In 1931, Dad earned $64 every two weeks for 80 hours work or 75 cents an hour, handling ticket sales at the Electric Ferries in Weehawken, New Jersey. I cannot say for certain, but this was probably a nickel to a quarter an hour more than many jobs paid.

Gas, I think, was about six or seven cents, but I do remember that in 1939, when we were going to High School, it was nine cents a gallon.

We had Five and Dime stores, and it was surprising what a nickel or dime would buy you, almost everything you needed in the kitchen and all the small items in the home.

Newspapers were three cents. The Post Office charged 2 cents to send a letter. A post-card could be mailed for a penny. It was easy to keep track of things when so much of life was in nickels and dimes. Kids earned nickels and dimes by doing errands for neighbors, by standing outside of a grocery store with a wagon and loading up someone's groceries and walking home with them. This was opportunity to us. We may not have thought of it that way, but we were learning daily lessons about work and responsibility. Then Archie hired me to come inside the store and wrap packages of groceries, and suddenly I was earning ten cents an hour. Archie wrapped and tied the neatest packages in town, then put a handle on the package for the man or woman to carry it home, and under his supervision I learned how to do the same. Years later I wrapped five thousand ten thousand dollar paintings with the same pride Archie took in his work on a dollar or two worth of groceries at the National Grocery Store in North Bergen, New Jersey.

We earned additional nickels and dimes and even quarters by mowing lawns, weeding gardens, cutting hedges, shoveling snow from driveways, odd jobs, all done with hand tools (who ever saw an electric or gas powered tool in those days?). Small lawns, medium sized lawns, and even large estates, all done by pushing around a hand-mower. You didn't see many fat kids around town in those days, believe me. Work? It was really work then, hard work too. We sweated freely and didn't have a can of spray to clear away the odor. You did that with soap and a washcloth in the bathroom sink. We were preparing ourselves for the future, our future.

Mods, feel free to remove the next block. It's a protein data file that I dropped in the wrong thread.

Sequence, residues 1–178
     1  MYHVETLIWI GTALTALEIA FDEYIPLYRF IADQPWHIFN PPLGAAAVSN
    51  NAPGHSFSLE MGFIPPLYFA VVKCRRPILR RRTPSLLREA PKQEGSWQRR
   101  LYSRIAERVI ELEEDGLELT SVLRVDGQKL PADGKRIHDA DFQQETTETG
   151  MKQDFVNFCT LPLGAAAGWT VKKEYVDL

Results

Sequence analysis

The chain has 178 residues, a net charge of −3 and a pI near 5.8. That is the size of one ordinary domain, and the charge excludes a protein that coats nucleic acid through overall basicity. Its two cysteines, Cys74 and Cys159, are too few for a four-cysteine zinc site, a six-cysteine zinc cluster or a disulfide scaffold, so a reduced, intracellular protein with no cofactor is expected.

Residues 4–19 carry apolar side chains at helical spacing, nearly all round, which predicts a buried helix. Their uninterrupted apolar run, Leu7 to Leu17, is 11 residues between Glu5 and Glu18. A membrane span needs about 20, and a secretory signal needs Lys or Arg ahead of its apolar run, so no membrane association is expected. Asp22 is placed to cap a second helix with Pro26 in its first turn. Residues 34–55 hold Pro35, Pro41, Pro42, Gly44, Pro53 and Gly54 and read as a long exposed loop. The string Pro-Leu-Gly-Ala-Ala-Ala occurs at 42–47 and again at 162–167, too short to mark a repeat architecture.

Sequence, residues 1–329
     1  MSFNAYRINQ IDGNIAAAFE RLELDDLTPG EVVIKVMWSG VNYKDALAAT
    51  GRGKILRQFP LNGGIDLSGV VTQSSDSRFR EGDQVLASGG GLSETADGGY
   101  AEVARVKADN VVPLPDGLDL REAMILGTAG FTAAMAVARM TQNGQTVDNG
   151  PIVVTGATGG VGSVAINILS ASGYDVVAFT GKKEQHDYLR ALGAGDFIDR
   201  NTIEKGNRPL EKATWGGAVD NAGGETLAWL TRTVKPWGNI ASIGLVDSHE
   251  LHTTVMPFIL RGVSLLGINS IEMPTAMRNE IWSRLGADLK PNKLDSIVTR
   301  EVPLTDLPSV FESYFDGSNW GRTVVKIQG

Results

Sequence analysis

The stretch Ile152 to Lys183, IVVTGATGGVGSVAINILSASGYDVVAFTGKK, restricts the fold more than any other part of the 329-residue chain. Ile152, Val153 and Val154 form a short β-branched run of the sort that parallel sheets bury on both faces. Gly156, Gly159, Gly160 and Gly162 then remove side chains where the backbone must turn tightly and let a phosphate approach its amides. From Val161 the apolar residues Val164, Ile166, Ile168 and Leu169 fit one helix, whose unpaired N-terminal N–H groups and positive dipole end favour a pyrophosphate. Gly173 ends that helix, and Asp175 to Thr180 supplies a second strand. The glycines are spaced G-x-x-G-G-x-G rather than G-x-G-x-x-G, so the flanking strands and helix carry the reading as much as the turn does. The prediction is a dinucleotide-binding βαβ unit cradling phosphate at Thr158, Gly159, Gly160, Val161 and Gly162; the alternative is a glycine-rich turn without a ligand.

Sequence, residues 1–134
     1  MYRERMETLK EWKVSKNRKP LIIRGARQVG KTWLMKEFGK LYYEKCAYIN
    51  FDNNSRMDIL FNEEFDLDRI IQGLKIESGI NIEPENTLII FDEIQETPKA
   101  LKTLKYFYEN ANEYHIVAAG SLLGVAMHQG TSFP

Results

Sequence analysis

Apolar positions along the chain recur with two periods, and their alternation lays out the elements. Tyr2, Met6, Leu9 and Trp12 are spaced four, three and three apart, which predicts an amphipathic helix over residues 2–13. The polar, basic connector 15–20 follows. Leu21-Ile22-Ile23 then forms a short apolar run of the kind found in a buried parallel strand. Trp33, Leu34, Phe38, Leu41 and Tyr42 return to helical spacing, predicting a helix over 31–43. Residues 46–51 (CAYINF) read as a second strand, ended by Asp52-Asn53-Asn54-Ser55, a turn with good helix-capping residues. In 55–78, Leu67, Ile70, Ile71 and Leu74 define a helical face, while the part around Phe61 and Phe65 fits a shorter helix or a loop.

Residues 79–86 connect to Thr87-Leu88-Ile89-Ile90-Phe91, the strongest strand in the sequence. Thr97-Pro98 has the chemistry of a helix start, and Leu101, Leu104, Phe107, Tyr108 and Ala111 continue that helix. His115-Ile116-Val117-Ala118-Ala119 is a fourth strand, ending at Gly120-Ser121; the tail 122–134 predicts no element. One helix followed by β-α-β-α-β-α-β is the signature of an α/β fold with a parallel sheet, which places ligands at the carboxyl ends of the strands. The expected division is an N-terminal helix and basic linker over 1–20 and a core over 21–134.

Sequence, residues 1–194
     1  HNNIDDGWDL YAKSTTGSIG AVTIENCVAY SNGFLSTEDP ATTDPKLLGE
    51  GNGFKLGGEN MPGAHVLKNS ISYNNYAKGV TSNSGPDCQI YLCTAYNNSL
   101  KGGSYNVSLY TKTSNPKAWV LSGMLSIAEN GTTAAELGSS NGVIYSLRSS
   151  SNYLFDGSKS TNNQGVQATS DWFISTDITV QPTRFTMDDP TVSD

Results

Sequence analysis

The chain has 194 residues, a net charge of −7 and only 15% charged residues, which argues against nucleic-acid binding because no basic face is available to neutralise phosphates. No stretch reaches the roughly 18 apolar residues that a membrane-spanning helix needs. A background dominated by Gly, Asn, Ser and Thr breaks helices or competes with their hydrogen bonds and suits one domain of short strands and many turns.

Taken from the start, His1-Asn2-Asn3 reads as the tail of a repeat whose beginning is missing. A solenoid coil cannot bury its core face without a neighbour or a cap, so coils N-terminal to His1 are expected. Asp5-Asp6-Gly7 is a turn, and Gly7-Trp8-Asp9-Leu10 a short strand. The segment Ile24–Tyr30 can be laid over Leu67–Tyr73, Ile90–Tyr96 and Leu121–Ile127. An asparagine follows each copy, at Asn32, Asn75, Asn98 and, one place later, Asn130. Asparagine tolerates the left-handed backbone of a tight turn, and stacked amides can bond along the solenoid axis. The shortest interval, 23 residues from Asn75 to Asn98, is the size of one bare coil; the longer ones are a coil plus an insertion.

But then, we did not know that, and to us kids a dime meant that we could go to the movie matinee on Saturday morning, two movies, a cartoon, the news, and a Buck Jones (on his white horse) cowboy serial. Buck always taught us too, like a moralty show, the virtues of honesty and loyalty. He taught us how to get the girl too, but we didn't always learn that too well. He wore a white ten gallon Stetson and all the bad guys wore black. Sometimes a neighbor would give a kid two large empty soda bottles and they were worth a nickel each when returned to the grocery store, so that could be a box of popcorn or an ice cream cone. A smaller coke bottle was worth two cents. We Knew how to add things up, how ten pennies could get you into the theatre as well as a dime.

Perhaps we did not have it as bad as some of the others, because Dad had managed to find a steady job and it was one where they had a steady work force because it was a crucial link between New York and New Jersey, the Electric Ferries Co. with boats crossing the Hudson River every half hour. Perhaps that would have meant that we were somewhere in the lower middle-class. Poor, but not too poor. This meant that if you tripped and spilled that two-quart bucket of milk, you got one Hell of a scolding when you went crying home with an empty bucket.

But the Daily News and Daily Mirror had pictures of the lines of men outside any factory that put out a sign, Men Wanted. There could be a hundred or two hundred men lined up for those two or three or four jobs, men with families who were short of food. Every guy had a newspaper sticking out of his pocket, with the pages for jobs, with the ones he could do, circled. Hot sun, summer rain, winter snow, the lines were always the same, as they bore those discomforts in order to find work.

We were avid newspaper readers as kids, as Dad brought home three or four papers a day, left behind by riders on the Ferry Boats. News kids on the docks sold papers to passengers as they boarded, kids twelve to fifteen years old, helping to supporttheir families. Shoeshine boys were always around too, helping to make some guy more presentable for a job interview, or a floor salesman in a department store neat and presentable. A nickel a shine, and how those kids prided themselves on the shine they'd give you. They too, were salesmen, often Master Salesmen. It wasn't jive talk; it was sincere, and then, at the end, a little bit of spit on the toes of your shoes and that extra cloth snapping down and across a few more times. That was quality, that was the best shine you ever got in your life!